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Local woman uses CPR knowledge to save life

Turlock Fire offers course to public

Local woman uses CPR knowledge to save life

Turlock Fire Department Capt. Larry Chalupnik, Engineer Paul Arai, and Firefighter Nicholas Grillo display the compression techniques used in CPR. The TFD is offering a CPR class to the public.


POSTED June 29, 2012 6:11 p.m.

Tamara McKinstry, a registered dental assistant, had been taking classes in cardio pulmonary resuscitation for years as part of her certification process, but never gave it much thought outside of the classroom. But that all changed one night in 2010 at an Atwater bar owned by her mother.

An elderly man, who was a family friend, suddenly collapsed on the dance floor.

“He just went down,” McKinstry recalled. “He didn’t have a pulse and he wasn’t breathing. There was nothing.”

All that training in CPR suddenly came into play and for 22 minutes McKinstry worked on keeping the man alive. The man was shocked twice by emergency responders and flat-lined on the way to the hospital, only to be revived again.

Two years later the man has made a full recovery and both he and his doctor credit McKinstry with saving his life.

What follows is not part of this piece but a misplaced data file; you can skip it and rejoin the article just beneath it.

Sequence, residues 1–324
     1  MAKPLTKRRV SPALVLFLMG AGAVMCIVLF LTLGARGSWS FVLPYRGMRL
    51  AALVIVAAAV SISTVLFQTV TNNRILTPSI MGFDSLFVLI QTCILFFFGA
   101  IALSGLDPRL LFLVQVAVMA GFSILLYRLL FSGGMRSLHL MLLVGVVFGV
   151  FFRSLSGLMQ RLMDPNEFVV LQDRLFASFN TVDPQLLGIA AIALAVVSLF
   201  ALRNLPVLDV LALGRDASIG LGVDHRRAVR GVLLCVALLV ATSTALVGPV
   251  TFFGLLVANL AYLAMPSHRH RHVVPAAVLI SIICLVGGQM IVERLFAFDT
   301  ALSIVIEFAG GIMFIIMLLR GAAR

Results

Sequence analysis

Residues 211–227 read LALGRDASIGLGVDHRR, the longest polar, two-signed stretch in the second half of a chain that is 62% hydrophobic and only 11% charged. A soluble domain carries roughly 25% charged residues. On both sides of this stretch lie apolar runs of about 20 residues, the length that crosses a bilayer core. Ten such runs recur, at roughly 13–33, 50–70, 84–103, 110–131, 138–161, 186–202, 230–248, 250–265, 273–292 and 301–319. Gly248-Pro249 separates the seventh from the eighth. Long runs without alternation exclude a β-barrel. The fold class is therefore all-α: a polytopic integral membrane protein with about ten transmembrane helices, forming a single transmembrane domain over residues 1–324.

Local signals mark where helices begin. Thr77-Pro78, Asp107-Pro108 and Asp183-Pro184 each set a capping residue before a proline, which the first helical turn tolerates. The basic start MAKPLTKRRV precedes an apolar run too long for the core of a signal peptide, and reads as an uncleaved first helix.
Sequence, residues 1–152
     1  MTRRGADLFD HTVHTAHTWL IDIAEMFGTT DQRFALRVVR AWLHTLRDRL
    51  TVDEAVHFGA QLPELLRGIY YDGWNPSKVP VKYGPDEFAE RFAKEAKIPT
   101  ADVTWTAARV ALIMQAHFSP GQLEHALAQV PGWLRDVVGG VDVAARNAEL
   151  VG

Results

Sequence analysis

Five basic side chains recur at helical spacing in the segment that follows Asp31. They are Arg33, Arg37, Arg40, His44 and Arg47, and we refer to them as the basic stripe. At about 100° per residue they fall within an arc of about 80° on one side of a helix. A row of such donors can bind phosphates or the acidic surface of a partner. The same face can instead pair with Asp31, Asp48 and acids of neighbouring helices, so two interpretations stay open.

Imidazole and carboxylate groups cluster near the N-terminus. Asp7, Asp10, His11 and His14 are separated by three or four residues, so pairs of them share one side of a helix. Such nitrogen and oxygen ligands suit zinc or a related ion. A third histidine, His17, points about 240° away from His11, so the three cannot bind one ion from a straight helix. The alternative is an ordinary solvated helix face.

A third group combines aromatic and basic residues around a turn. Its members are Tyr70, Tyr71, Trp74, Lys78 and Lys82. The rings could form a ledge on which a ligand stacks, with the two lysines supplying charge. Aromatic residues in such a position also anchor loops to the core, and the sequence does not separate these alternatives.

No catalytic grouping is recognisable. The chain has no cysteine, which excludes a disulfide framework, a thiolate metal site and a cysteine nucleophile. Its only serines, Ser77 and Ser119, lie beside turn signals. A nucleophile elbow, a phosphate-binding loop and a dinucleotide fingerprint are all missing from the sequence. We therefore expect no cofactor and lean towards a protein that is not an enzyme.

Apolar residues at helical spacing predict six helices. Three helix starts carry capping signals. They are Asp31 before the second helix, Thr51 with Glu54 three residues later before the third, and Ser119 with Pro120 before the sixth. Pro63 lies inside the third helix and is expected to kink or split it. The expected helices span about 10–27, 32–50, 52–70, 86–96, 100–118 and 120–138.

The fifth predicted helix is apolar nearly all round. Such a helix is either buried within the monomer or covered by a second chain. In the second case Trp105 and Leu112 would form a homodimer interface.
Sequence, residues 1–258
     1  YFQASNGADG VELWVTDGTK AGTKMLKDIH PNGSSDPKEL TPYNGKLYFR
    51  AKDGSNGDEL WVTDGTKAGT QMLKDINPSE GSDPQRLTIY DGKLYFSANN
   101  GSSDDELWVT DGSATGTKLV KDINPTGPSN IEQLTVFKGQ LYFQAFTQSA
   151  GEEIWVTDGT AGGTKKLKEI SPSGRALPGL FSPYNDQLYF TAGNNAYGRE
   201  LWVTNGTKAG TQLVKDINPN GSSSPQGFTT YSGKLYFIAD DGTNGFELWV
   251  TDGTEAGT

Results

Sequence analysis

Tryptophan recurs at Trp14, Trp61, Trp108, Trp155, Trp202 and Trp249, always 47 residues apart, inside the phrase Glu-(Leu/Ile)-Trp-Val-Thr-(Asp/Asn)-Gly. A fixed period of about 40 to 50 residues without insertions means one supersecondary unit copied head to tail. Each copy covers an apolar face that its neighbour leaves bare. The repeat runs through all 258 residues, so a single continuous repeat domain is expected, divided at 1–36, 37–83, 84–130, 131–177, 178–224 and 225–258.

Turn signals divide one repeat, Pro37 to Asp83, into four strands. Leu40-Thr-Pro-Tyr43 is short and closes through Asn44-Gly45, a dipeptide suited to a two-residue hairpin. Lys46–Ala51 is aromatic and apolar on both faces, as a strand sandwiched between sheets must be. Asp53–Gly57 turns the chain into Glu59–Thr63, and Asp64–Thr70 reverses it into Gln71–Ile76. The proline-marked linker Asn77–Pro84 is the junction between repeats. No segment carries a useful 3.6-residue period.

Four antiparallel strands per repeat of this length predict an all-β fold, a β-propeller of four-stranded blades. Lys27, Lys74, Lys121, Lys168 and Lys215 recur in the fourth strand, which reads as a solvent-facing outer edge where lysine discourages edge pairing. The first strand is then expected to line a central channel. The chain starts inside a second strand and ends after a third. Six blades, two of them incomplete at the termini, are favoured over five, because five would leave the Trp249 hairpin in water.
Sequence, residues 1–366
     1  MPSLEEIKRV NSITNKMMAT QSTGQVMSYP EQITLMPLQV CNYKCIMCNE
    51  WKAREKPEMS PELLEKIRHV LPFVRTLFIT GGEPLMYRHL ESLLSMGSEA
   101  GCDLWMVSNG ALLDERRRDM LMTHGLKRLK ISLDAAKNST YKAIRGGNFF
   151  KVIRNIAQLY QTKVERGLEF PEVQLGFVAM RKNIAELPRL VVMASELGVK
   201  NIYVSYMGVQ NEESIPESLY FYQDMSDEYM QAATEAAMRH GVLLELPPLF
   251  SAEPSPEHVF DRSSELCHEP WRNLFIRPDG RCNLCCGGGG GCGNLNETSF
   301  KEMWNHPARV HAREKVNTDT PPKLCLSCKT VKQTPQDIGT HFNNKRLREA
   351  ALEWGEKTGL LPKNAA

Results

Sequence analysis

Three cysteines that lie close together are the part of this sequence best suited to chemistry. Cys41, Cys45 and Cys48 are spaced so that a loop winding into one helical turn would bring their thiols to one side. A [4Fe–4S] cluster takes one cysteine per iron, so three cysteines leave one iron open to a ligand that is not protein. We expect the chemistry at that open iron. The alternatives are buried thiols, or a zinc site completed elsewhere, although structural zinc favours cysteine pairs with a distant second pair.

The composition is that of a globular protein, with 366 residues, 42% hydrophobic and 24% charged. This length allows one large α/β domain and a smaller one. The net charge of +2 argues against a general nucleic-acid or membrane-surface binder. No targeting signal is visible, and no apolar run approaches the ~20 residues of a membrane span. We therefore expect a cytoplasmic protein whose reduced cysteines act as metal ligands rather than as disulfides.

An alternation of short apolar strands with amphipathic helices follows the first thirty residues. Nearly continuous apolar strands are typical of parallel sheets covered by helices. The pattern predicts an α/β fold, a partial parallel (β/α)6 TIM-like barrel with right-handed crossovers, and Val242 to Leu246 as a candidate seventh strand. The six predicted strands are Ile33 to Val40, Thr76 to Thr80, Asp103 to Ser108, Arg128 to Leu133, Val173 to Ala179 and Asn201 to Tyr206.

“It is a very rewarding feeling to be able to utilize that training,” McKinstry said. “I was the only one there who knew CPR and if I hadn’t been there, he wouldn’t be walking around now.”

McKinstry is in the minority among the American public. The American Heart Association estimates that about 30 percent of the population is able to perform CPR in a critical situation.

The Turlock Fire Department is hoping to give that number a boost — at least locally — by offering a CPR class to the public on July 14.

Turlock Fire Engineer Paul Arai, who is organizing the class, has first-hand experience with administering CPR and knows the importance of learning the life-saving technique.

“With cardiac arrest, every second counts,” Arai said. “The odds of a person surviving a cardiac event are significantly better when there is someone close at hand to perform CPR.”

According to the AHA, performing CPR can double a person’s chance of survival from sudden cardiac arrest. The AHA also found that 75 percent of all cardiac arrests happen at home, so knowing CPR is more likely to save the life of a loved one than a complete stranger.

TFD’s class will focus on adult and child/infant CPR and learning to use a defibrillator.

The class will be conducted at the Turlock City Hall building located at 156 S. Broadway - Yosemite Room. The class will be held from 9 a.m. to noon July 14. Participants will be asked to make a $35 donation, $10 of which will go for the cost of the certification card, $10 for administrative fees and supplies, and the remaining $15 will go to Turlock Fire Department, in an effort to build a CPR mannequin replacement fund. Checks may be made to the City of Turlock. The class must be paid for in advance to secure registration and space is limited. For more information or to register please call Fire Administration at 668-5580.

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